“Aflac (NYSE: AFL) is best known in the U.S. for its ‘duck ads,’ but actually earns over 75% of its money from Japan,” says Dirk Van Dijk.
In selecting the stock as his top pick for 2012, the strategist for Zacks.com, recalls “Aflac happens to be an old favorite of mine, a stock that I first recommended back in 1991.” Here’s his current update.
“In the U.S., its policies are sold through employers on a payroll deduction, as part of companies ‘cafeteria plans’. They are pretty straight forward. If you get sick and can’t work, or are in the hospital, it pays out a set mount directly to the insured.
“It is thus not at risk for rising health care costs (but is if more people get sick). The U.S. unit was under some pressure as payrolls shrank, but with some positive news on the employment front, that should turn around.
“In Japan, once people get AFL insurance they don’t drop it (which is very important in the life and health insurance industry) with a persistency rate of 95%.
“The firm has a superb track record, but came under big pressure during the crash last year due to fears about its investment portfolio. I think those fears are being assuaged over time.
“It has already realized $1.7 billion (pre-tax) in investment losses. Some of those are not going to come back, like its holdings in Lehman Brothers and WAMU, but other parts of the holdings that were written down just might come back.
“Aflac did however write down $380 million as other than temporary losses in holdings of some Ford debt, and Ford has been doing much better of late, certainly much better that it looked back at the end of the first quarter when GM and Chrysler were going down for the count.
“The company has generated an ROE of 33.4% over the last 12 months, and its five year average ROE is 20.84% (it has leveraged up a bit, from having no debt to a still very manageable and conservative 22% debt to capital. As that happens AFL should return to its historic valuations.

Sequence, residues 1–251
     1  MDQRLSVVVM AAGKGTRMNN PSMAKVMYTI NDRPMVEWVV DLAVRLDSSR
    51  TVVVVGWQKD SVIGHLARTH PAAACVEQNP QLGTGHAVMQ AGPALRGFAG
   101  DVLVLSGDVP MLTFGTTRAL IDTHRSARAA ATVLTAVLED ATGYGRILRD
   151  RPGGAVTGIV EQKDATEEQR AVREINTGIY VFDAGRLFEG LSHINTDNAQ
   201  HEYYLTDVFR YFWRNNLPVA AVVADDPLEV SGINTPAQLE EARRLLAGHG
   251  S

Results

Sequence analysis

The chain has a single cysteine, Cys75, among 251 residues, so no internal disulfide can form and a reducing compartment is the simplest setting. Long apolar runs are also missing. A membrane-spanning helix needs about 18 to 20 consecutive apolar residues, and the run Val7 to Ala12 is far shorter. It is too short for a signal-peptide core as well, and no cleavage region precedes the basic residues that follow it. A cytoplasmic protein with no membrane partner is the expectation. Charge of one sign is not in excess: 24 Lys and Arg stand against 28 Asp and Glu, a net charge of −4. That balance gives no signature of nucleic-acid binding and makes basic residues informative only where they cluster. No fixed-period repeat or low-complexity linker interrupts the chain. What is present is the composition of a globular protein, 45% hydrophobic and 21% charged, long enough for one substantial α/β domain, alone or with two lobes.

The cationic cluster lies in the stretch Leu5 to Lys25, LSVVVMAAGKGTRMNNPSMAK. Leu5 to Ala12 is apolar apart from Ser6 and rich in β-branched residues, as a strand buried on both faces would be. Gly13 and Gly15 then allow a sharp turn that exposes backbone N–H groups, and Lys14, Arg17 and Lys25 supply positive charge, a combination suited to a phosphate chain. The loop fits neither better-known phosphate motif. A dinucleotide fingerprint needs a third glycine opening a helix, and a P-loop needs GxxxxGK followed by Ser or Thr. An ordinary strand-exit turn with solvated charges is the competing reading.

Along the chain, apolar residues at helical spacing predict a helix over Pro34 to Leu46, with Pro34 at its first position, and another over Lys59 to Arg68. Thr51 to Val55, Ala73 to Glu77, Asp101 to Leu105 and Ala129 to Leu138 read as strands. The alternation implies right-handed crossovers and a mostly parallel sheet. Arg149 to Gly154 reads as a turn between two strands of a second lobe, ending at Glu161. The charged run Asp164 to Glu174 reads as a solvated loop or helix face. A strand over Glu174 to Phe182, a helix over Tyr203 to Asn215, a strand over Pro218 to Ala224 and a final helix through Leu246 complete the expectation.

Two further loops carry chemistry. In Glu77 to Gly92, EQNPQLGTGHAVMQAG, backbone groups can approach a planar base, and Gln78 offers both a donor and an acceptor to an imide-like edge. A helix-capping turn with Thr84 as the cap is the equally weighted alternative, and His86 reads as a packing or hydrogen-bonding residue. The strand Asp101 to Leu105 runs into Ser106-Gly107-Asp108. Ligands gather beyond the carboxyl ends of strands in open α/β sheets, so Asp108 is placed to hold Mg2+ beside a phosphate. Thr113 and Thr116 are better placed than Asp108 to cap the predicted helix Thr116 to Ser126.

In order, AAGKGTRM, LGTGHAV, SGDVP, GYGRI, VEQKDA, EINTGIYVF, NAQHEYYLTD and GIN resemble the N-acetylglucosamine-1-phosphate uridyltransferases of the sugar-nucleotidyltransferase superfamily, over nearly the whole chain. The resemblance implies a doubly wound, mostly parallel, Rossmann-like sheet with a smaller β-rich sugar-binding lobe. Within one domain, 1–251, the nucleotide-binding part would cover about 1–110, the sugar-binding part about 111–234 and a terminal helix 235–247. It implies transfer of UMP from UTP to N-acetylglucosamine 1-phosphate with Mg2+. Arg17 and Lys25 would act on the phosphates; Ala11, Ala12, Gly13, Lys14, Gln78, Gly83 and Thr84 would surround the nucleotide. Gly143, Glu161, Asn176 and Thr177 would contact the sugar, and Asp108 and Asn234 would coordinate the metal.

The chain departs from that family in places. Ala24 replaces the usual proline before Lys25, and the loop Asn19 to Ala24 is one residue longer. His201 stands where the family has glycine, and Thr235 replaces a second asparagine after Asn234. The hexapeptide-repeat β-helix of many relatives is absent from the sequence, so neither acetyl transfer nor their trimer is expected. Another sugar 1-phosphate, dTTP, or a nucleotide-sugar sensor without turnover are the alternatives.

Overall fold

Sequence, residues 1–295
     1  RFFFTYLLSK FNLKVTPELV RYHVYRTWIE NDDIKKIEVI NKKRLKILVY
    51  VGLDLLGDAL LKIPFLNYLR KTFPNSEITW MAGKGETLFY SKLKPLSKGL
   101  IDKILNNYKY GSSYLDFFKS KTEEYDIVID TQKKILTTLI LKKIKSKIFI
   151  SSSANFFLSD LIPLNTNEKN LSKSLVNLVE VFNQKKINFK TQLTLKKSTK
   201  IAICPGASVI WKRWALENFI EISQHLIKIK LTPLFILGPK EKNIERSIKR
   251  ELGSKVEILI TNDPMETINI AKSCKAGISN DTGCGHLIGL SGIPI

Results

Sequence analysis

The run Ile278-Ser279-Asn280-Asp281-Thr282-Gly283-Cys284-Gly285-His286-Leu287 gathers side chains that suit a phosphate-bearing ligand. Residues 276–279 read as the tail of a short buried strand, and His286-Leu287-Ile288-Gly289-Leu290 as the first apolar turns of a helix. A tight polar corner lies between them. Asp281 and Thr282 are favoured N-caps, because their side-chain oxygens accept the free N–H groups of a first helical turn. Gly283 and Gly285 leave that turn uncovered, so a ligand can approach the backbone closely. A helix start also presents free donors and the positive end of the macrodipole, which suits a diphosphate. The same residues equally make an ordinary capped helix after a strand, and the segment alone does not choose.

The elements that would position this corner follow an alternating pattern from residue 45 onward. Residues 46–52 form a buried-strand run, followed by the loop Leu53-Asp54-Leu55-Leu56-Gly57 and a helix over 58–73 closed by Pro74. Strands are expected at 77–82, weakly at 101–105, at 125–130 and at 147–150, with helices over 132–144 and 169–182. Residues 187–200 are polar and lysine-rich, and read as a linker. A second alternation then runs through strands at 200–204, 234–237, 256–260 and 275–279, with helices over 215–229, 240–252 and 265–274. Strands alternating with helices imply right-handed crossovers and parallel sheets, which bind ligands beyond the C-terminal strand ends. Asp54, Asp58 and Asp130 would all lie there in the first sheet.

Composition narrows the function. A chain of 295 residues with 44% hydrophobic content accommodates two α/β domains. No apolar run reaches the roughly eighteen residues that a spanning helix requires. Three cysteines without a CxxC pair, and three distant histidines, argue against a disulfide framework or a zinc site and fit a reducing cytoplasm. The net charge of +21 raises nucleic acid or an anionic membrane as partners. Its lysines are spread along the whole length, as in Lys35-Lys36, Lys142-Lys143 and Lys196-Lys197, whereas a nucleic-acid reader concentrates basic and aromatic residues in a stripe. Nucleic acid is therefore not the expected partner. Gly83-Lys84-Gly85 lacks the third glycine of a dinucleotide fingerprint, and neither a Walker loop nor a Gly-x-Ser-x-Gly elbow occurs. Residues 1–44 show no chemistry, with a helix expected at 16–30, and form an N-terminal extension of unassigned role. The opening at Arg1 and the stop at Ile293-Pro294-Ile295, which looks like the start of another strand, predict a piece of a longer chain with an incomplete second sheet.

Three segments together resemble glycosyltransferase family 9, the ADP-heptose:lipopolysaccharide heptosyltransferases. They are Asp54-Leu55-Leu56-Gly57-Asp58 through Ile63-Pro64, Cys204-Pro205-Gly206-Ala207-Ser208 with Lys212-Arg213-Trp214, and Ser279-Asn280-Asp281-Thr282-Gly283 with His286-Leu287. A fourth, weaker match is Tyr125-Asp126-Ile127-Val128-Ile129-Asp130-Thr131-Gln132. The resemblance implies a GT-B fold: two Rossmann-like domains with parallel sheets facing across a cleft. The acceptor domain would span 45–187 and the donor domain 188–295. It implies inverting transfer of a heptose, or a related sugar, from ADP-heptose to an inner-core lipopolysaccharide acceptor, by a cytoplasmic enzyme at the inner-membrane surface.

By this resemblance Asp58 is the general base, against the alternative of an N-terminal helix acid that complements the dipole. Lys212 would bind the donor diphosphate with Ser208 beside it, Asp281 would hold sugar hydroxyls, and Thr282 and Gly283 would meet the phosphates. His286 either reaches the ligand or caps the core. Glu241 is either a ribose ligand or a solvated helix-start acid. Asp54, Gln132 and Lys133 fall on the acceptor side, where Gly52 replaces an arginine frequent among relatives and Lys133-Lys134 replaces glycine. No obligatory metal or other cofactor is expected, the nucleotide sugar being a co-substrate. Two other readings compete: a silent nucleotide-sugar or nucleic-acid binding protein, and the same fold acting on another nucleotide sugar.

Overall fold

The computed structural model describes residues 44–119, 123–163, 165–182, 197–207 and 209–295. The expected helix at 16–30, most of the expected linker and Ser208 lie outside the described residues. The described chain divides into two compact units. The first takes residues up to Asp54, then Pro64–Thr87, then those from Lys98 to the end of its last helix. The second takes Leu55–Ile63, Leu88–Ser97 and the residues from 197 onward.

“How much upside potential is that? A Lot. Over the last five years (which of course included the big sell o? last year) AFL’s P/E has averaged 15.4x.
“Based on 2010 earnings estimates it is going for 9.5x now, and 8.7X 2012 consensus estimates, and those estimates have been rising.
“AFL also has a habit of beating the estimates. It has done so the last three times out, and in 17 of the last 28 quarters, with only five disappointments.
“AFL currently yields 2.4%, which is nice. It has however, increased that dividend in each of the last 27 years, and over the last 15 years it has done so at a compound annual rate of 20.7%.
“AFL happens to be an old favorite of mine, a stock that I first recommended back in 1991, and was a core holding for most of my tenure at C.H. Dean. I know the management team well from those days, and they are amongst the best I know in the industry.”